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Reviving the Apple 410 Color Plotter (nycresistor.com)
237 points by Ivoah 11 months ago | hide | past | web | favorite | 15 comments

Great and simple write-up. Vaguely remembered nycresistor from other articles I've read, so I'm glad this was posted here.

I think HN would be well served to have more front page retro hardware hacking articles. They may not be useful in the same way as other posts, but they sure as heck are delicious brain food and a relaxing diversion.

Ask and you shall receive. Here's a simple plotter a friend of mine cobbled together from broken PlayStation parts at our Hackerspace:


Plotters are just one small step removed from a 2D mill. This particular kind of plotter, where the paper is fed through to obtain one axis of movement suffers from bad registration, any kind of slippage on the paper (and there always will be some) will lead to registration errors. Try different kinds of paper to determine which kind gives you the least slippage by repeatedly drawing very large patterns in different colors and then studying the horizontal edges near the limits.

The command set looks like a modified HPGL.

I can't tell from the pictures, but around that time period diamond grit drive wheels came into use. Either the top or bottom drive wheels would have a diamond grit on their surface which would make an indentation pattern in the paper which acted to key the paper in place. The registration was even better than drilled paper which could develop a little slop around the pins and the holes.

Given how fast this plotter (not the type in the OP) throws paper around I'd say it works, at least in ideal circumstances.


I have a cutting machine that’s pretty much a plotter with a blade (though it can also take pens) which uses a similar design. It doesn’t take paper directly, it has an adhesive plastic sheet you stick the paper to. I assume that’s to provide a higher friction substance.

It seems pretty accurate, to within a couple of millimeters.

Does having tractor-feed paper mitigate the slippage problem at all?

It would, but by the looks of it this plotter does not support that.


The brown rubber wheels seem to be the only things in contact with the paper.

There were also some plotters with spiky steel wheels at the paper edges to feed the paper, those would work a bit better when new but the spikes would wear off fairly quickly.

Since OP mentioned the nice big HP x,y plotters, that reminds me I once wrote an emacs lisp HPGL driver to hit the serial port and run one in grad school. I'll have to dig it up sometime.

Edit, just remembered: it was probably to output one of the VLSI CAD layer formats, like GDS or EDIF.

Ah me to I remember having to produce custom drivers for GINOF so that we could use the full extent of then then top of the line HP plotter.

We also managed to put one of those HP's through its design life in less than 2 years because of how intensely we used it.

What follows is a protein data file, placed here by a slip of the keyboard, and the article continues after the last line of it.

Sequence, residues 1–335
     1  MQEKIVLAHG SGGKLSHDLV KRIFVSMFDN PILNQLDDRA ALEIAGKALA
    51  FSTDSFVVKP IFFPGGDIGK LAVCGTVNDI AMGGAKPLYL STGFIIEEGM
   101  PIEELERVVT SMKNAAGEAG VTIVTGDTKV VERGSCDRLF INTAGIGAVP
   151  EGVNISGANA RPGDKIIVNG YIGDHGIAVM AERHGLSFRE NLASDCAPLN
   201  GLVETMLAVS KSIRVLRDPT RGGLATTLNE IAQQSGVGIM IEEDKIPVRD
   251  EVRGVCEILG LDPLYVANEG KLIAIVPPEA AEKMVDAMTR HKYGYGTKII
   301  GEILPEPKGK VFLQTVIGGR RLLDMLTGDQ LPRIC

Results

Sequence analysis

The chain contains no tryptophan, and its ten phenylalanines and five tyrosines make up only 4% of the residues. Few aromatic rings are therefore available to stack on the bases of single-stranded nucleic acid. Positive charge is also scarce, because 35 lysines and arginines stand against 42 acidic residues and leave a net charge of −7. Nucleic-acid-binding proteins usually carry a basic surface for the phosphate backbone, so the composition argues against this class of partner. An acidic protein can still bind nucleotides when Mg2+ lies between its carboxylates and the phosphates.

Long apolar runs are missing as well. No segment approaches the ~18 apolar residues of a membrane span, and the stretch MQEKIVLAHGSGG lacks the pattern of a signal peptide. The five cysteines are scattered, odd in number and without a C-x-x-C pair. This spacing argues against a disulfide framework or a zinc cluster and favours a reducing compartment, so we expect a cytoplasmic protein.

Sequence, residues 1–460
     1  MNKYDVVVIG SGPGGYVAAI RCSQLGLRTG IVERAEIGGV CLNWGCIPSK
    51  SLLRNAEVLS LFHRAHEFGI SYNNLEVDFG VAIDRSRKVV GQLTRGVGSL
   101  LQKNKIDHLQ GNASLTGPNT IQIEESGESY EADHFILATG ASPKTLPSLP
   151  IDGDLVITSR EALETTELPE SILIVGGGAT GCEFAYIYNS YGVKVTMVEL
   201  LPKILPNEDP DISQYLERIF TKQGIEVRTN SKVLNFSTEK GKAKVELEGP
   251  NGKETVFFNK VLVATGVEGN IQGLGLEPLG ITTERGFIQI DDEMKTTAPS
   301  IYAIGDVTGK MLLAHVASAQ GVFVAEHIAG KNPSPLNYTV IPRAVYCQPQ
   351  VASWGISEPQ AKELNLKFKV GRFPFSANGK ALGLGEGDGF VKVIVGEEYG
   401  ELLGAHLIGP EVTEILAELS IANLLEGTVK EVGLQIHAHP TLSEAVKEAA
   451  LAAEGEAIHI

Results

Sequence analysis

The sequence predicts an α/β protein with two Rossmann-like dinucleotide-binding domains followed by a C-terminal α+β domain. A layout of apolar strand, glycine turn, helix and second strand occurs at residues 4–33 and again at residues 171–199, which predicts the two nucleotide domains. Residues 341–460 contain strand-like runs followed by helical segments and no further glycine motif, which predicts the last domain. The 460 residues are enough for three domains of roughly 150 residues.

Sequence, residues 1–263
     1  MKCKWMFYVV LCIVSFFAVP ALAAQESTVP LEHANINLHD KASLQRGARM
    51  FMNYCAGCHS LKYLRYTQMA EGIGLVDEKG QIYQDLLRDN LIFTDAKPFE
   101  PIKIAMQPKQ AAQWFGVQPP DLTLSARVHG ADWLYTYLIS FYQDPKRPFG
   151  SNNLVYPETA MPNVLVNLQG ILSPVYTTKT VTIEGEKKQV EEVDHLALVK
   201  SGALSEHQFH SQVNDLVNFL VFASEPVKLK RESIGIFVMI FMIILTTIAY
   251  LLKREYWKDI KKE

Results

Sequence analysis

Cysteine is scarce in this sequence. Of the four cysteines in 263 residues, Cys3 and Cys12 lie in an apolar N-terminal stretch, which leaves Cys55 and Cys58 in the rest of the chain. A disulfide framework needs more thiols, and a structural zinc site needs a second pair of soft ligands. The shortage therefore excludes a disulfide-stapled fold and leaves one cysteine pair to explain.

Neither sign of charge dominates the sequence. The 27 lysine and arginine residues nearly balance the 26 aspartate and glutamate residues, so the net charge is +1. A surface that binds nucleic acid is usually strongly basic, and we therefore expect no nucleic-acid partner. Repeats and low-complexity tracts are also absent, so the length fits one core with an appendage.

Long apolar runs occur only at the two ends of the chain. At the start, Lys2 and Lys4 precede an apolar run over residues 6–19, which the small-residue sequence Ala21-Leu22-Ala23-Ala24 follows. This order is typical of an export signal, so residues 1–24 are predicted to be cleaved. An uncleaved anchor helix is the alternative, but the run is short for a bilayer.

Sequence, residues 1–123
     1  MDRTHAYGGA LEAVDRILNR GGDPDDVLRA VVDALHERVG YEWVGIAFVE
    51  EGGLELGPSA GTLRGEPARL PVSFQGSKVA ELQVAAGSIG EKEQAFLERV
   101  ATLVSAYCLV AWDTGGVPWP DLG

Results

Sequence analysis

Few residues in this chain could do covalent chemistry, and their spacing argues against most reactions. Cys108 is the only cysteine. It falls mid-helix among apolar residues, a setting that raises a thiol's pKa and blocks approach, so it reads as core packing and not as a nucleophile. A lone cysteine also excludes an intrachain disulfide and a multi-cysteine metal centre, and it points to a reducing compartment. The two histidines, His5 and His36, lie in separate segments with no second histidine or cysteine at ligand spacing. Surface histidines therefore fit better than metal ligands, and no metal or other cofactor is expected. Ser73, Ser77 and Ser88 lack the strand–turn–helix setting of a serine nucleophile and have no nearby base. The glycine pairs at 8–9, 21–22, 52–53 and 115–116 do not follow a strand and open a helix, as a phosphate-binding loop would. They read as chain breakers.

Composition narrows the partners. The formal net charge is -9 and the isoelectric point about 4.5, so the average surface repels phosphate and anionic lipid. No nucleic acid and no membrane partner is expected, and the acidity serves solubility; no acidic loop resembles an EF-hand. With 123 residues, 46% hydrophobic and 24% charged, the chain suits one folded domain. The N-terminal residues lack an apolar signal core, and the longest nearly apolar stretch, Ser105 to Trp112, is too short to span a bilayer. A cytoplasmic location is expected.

I really should find mine. I got it for free off of a local computer store's junk table about 12 years ago. My understanding is that it's fairly uncommon, at least compared to the Imagewriter I/II. Would be cool to take the roms and try to write an emulator for it, though I think emulating the Laserwriter would be more valuable from a historical perspective, since it was so influential in desktop publishing (and one of those odd cases were the peripheral had a faster CPU than the computer it was connected to, much like the Commodore 1541 disk drive).

Edit: And on second glance it's quite possible that 410's Z80 is clocked faster than the 6502 in the Apple II.

The CPU seems to have run at 4MHz (http://www.cpu-world.com/CPUs/Z80/NEC-D780C-1.html).

However, I spot a 4.9152 MHz crystal on the photo of the PCB (a quarter from the left, halfway down)

So, I guess it either is overclocked or (IMHO more likely) that that clock is divided into a 2.5MHz clock.

Either way, I agree with you that it likely had a faster clock than the 1MHz of an Apple II.

However (certainly if you can get around with 8 bit registers; it shifts a bit if you can use the 16 bit parts of a Z80) a Z80 has to be clocked faster (some people claim by a factor of about 2:1) than a 6502 to be faster (extreme example: a NOP takes 4 cycles on a Z80, 1 on a 6502)

In summary, I guess this _is_ faster than the Apple II it was designed to connect to, but not by much.

The simple plotters of the past were really great pieces of kit; and fun as the day is long.

Even the little Commodore 1520 was a very capable machine in a toy form factor. Four independent color pens, and a great tool for learning geometry and programming at the same time.

Yes I remember using one to print the results from an experiment at my first job we had a rig that used a high speed cini camera to record the movement of an "object" when subjected to high flow regimes underwater.

To digitize it I covered the wall of a spare office with graph paper and projected the film onto the graph paper and manually using pencil marked up the graph paper then transcribed the x,y coordinates which I than plotted on a HP A3 plotter.

I thought it was kind of neat that the service manual was generated on a Lisa.

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